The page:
As a solo opponent, the vigilant is probably one of the hardest, if not the hardest, cruisers to fight. Assuming it has a faction web (which is likely) you're going to need to stick outside 18km to have a hope of dictating range, and given that the vigilant isn't a slow ship (doing a little under 1.5km/s with a standard fit) you're going to need plenty of speed and agility in order to do so. If you do get snared by its web, the fight is essentially going to be a dps race - you're unlikely to have any range dictation ability, nor are you going to have the angular velocity to evade fire up close. While dps is something that the vigilant has plenty of, its tank is less spectacular - this is probably the biggest thing you have going in your favour. With a stiff tank and a reasonable damage output, you can still stand a chance of coming out ahead despite not being able to outdamage the vigilant directly. It's fairly common for a vigilant fit to include an explosive hardener, making kinetic and thermal jointly the best damage types to use, followed by EM (or you can just go for explosive if you like a gamble - if they're just using EANMs it's the best).

Needless to say, if you encounter a vigilant in a gang scenario they should be treated as a significant threat due to their combination of high damage and tackle capability, and they should be considered a priority target.

Something I haven't really talked about before is incoming damage types. With the vigilant, the vast majority of its damage output is thermal and kinetic - especially if the pilot chooses to bring thermal drones too for maximum damage. This is significant because if you're flying a caldari or gallente t2 ship, you're going to have very high resists against these two damage types. A deimos or ishtar for example would probably stand a good chance against the vigilant, despite the latter being the stronger ship on paper. Similarly if you know you're going up against a vigilant (or any other powerful blaster ship for that matter), fitting thermal and kinetic hardeners can significantly improve your chances.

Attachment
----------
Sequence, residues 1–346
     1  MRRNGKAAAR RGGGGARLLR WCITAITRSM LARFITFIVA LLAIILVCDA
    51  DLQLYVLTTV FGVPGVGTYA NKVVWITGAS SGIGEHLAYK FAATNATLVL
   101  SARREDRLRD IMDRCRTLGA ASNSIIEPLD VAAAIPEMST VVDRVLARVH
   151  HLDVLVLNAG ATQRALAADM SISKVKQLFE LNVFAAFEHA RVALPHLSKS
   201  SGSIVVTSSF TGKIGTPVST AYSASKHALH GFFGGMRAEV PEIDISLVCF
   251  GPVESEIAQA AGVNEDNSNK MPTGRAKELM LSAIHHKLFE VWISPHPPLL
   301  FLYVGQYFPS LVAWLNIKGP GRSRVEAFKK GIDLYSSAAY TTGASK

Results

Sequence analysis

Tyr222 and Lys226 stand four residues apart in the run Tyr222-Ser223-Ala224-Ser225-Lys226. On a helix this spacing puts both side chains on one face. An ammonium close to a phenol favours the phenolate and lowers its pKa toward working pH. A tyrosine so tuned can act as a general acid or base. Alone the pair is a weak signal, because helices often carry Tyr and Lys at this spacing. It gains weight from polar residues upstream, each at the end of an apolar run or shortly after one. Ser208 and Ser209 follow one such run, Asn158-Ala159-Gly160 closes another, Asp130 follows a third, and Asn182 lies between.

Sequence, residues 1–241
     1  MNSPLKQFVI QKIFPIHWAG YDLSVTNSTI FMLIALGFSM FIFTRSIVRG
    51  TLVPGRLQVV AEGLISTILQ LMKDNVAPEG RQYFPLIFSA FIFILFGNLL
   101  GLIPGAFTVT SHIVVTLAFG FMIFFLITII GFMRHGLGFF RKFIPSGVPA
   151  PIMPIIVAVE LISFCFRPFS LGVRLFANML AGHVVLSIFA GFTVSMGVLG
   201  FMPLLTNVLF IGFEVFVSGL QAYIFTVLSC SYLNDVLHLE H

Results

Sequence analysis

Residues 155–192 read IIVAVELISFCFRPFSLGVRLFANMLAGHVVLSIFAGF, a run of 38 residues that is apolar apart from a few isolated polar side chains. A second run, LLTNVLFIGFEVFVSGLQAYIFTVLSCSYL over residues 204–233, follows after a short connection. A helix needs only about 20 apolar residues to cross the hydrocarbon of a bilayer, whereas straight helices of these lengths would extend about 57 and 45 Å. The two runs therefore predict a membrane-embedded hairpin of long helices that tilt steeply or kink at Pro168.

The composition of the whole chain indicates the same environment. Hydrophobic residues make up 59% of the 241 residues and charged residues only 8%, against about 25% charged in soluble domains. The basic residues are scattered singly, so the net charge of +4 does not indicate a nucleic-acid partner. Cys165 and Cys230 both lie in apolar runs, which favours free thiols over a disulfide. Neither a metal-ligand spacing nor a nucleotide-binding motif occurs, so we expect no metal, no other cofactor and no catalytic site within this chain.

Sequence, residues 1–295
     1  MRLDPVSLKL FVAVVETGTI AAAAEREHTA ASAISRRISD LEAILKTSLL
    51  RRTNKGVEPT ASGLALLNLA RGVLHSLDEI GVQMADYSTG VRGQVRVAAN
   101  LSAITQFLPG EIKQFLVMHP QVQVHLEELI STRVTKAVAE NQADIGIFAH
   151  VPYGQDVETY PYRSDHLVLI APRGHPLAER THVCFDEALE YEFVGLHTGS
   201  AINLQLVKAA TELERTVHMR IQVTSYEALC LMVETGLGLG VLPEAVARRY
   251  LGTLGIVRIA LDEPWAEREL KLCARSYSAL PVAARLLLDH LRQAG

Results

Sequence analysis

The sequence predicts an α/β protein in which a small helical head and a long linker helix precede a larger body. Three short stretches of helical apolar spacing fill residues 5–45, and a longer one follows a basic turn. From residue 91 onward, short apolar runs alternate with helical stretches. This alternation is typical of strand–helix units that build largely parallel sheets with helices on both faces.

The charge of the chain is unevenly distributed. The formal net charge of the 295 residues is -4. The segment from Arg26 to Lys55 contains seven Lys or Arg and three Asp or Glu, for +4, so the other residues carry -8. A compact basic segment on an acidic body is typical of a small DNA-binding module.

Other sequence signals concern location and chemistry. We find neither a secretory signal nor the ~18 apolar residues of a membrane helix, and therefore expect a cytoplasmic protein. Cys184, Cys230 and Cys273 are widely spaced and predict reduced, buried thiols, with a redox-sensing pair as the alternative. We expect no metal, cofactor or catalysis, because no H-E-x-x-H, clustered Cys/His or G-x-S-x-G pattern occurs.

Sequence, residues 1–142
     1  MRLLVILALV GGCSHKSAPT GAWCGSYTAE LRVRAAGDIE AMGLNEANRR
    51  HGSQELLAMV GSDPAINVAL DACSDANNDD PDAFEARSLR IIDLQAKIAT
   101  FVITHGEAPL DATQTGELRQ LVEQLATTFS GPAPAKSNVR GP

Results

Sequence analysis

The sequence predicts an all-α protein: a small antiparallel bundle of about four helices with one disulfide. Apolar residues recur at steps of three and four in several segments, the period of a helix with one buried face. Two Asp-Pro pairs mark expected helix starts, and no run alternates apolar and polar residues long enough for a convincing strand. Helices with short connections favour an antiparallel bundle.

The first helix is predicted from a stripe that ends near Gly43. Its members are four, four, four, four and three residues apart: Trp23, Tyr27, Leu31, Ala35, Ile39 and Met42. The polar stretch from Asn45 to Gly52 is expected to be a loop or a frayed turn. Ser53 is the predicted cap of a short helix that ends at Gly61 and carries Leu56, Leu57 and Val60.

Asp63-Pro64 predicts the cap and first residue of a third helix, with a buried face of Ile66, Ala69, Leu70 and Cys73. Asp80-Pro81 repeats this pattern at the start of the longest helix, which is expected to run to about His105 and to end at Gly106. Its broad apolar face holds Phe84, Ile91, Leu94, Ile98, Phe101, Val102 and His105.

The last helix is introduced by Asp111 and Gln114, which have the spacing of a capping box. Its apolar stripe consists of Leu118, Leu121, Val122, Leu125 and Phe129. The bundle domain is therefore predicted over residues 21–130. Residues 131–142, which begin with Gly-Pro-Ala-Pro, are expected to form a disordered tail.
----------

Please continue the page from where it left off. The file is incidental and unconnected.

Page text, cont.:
Gila (Guristas - Cal/Gal)

The gila is an unusual ship - despite apparently being caldari, it's far closer to the ishtar than it is any of the caldari HACs. In short, the gila is a shield tanked ishtar with some nominal missile capability instead of some nominal hybrid capability. Like the ishtar, the gila gets a substantial bonus to drone damage and hitpoints as well as the maximum 125m3 of drone bandwidth - enough for a full flight of heavies or sentries. It doesn't get the ishtar's drone bay bonus, but it doesn't need it since it already has the largest drone bay in the game at 400m3. The ishtar still retains one slight edge in terms of drone capability due to its bonus to operation range, but otherwise the gila does exactly the same thing.